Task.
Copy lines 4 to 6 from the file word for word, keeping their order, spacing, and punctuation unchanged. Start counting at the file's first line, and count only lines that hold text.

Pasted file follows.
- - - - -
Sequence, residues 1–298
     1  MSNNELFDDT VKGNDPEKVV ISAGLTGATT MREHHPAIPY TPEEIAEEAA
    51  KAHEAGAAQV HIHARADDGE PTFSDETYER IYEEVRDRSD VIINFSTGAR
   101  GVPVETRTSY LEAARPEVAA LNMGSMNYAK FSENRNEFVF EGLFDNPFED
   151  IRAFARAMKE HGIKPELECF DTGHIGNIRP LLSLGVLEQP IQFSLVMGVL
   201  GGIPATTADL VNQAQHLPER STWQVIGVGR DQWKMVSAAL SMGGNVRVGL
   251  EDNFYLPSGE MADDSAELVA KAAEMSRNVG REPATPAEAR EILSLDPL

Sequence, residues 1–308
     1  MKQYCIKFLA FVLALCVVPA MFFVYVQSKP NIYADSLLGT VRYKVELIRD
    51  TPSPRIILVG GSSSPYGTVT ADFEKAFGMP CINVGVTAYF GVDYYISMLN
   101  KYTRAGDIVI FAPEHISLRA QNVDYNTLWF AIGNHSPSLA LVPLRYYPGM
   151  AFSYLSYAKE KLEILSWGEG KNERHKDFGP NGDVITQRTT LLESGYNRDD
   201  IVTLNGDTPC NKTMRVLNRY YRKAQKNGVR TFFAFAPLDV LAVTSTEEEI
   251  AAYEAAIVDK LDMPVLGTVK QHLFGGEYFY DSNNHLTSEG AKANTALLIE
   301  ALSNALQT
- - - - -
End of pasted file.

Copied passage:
   101  GVPVETRTSY LEAARPEVAA LNMGSMNYAK FSENRNEFVF EGLFDNPFED
   151  IRAFARAMKE HGIKPELECF DTGHIGNIRP LLSLGVLEQP IQFSLVMGVL
   201  GGIPATTADL VNQAQHLPER STWQVIGVGR DQWKMVSAAL SMGGNVRVGL